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A Site Selection Web Exclusive, August 2013
WEB Exclusive story

Putting the Pieces in Place

California's SolarReserve has its sights set on sites around the globe.

Crescent Dunes will be the nation's first commercial-scale solar power tower facility with energy storage, and the largest power plant of its kind in the world.
Crescent Dunes will be the nation's first commercial-scale solar power tower facility with energy storage, and the largest power plant of its kind in the world.
Kevin Smith, CEO, SolarReserve

hen the 100-MW Quartzsite Solar Project in La Paz County, Ariz., received US Dept. of Interior approval on June 3, it was just the latest in a series of projects around the world for the large-scale solar developer.

Proposed by its subsidiary Quartzsite Solar Energy, LLC, the project will use concentrating solar "power tower" technology to drive steam turbine generators with heliostats on 1,600 acres of lands managed by the Bureau of Land Management (BLM). The project will employ dry-cooling technology, which requires a fraction of the water needed for wet-cooling. The project is expected to create 438 jobs during peak construction and 47 full-time operations and maintenance jobs. When operational, the facility will generate enough clean power to meet the needs of an estimated 30,000 homes.

In April, SolarReserve announced completion of the assembly of the molten salt receiver panels that sit on top of the 540-ft. solar power tower for its 110-MW Crescent Dunes Solar Energy Plant located near Tonopah, Nev. Crescent Dunes will be the nation’s first commercial-scale solar power tower facility with energy storage, and the largest power plant of its kind in the world.

"With more than 450 construction workers currently on site, the project is on course to bring American innovation to fruition," said Kevin Smith, CEO of SolarReserve, the Santa Monica-based firm whose team members have assembled a worldwide portfolio of projects comprsing 5,000 MW. "The energy storage capability of this technology solves the problem of intermittency typical of other renewable energy sources. Additionally, because of it high efficiency, this technology can generate almost twice as much energy as a comparably sized solar facility, including facilities powered by photovoltaic panels or by a direct steam tower."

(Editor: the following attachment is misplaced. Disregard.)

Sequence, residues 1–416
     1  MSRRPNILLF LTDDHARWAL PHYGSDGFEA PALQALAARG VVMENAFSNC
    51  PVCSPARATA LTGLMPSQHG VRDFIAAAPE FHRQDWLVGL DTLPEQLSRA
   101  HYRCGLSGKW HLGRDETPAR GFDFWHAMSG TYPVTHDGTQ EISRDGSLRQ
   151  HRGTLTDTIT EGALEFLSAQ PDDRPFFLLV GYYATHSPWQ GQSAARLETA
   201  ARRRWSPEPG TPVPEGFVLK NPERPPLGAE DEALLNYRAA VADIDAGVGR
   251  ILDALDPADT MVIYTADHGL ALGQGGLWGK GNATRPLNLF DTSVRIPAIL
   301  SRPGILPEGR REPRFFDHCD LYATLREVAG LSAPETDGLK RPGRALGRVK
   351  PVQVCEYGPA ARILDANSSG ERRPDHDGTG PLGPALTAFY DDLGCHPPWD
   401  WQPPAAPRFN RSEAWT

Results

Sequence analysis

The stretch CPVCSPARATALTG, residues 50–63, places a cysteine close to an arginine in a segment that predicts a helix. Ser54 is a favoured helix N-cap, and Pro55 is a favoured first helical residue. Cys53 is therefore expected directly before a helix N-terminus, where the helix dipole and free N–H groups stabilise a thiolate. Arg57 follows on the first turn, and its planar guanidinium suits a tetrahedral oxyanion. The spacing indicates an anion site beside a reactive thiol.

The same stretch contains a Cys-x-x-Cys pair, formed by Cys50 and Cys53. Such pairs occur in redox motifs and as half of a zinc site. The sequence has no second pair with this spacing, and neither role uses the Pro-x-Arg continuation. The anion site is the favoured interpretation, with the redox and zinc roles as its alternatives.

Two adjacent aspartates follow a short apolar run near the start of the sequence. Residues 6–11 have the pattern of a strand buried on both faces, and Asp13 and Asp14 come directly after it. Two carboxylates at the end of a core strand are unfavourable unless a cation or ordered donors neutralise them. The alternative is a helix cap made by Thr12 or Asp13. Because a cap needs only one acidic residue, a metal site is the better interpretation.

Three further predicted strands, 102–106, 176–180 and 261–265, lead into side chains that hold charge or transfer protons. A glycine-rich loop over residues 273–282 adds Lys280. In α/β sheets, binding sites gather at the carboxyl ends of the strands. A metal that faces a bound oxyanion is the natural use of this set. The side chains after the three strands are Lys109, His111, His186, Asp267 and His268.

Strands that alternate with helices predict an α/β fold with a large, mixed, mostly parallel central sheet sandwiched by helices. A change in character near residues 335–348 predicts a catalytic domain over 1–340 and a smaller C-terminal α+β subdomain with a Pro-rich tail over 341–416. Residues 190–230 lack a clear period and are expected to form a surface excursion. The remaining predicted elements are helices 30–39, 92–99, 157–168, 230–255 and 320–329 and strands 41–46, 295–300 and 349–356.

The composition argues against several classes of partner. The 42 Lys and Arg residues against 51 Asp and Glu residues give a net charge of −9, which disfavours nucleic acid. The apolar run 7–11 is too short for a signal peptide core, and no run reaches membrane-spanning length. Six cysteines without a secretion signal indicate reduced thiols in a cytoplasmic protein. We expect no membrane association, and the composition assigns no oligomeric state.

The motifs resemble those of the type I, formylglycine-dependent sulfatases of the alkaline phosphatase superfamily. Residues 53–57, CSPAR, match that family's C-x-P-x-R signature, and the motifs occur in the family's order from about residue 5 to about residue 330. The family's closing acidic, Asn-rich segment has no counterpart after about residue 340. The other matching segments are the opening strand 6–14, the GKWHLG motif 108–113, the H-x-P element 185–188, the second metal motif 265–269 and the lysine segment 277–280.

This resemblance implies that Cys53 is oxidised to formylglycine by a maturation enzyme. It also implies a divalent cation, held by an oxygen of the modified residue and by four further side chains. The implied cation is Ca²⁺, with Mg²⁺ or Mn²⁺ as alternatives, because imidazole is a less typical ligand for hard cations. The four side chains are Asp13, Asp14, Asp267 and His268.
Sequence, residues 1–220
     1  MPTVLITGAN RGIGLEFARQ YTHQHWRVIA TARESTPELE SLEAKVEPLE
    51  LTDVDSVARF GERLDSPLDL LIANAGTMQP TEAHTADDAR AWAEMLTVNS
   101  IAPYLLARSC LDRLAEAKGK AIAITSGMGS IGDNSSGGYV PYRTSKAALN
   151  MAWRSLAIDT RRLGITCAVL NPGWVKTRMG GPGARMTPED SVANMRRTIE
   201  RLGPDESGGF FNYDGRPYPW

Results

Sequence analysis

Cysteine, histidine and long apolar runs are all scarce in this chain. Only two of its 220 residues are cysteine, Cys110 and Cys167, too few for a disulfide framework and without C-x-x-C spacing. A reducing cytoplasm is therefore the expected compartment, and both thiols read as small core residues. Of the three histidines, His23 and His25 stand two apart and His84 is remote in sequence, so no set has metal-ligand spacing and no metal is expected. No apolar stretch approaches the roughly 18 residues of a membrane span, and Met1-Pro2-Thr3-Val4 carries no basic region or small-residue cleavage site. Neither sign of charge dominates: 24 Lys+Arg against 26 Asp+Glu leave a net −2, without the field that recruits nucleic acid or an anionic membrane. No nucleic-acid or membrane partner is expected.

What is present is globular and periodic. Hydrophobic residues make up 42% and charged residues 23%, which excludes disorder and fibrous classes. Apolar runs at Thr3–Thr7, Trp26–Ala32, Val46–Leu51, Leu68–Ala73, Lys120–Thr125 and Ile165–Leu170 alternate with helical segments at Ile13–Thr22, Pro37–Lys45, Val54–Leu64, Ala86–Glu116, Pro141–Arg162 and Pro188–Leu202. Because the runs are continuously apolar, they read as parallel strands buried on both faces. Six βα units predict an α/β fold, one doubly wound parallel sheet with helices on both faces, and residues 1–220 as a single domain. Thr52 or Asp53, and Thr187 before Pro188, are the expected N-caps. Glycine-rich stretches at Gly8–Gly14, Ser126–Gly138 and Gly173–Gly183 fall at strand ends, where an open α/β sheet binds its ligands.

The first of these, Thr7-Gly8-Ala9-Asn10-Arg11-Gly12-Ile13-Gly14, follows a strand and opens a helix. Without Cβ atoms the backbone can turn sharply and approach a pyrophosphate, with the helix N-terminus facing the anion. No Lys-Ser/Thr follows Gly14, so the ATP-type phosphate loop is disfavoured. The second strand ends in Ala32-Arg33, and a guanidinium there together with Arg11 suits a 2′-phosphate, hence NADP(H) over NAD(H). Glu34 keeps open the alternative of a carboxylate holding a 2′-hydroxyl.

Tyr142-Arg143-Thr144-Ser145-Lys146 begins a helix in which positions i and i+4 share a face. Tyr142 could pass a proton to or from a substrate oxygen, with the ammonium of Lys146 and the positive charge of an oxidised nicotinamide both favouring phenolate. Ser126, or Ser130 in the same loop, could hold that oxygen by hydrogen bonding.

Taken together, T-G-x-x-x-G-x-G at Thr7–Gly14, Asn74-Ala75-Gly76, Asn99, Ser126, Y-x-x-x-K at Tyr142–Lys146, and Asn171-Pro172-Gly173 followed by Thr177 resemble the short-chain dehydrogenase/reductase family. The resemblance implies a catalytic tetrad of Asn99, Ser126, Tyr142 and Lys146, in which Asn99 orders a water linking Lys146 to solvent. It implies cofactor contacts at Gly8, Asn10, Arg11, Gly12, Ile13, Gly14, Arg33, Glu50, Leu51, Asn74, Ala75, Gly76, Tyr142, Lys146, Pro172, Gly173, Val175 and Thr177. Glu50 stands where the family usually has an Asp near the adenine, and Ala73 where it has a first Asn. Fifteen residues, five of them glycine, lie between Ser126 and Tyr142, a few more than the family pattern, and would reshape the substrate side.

The molten salt "receiver" is actually comprised of panels formed by hundreds of special alloy tubes which will be flowing with molten salt for energy absorption and storage. Once complete, the project will be capable of storing 10 hours of full load electricity production, enough to power 75,000 homes at peak electric demand periods, even after dark.

The project — jointly owned by SolarReserve, engineering and construction firm ACS Cobra Group and financial services firm Santander Group — closed financing and initiated construction in September of 2011 and is scheduled to complete construction and start plant commissioning at the end of 2013, including first electricity production by the end of the year. The Crescent Dunes project has secured a 25-year power purchase agreement with NV Energy to sell 100 percent of the electricity output of the facility to serve homes across Nevada.

Construction is expected to peak at more than 600 jobs on site during the 30-month construction period and is estimated to create more than 4,300 direct, indirect and induced jobs at companies throughout the U.S. that provide engineering, equipment supply and manufacturing, transportation and other value-added services. To date, orders for the project have been placed for equipment and services in more than 21 states. Once operational, the project will expend more than $10 million per year in salaries and operating costs, and is forecasted to generate $73 million in total tax revenues through the first 20 years of operation.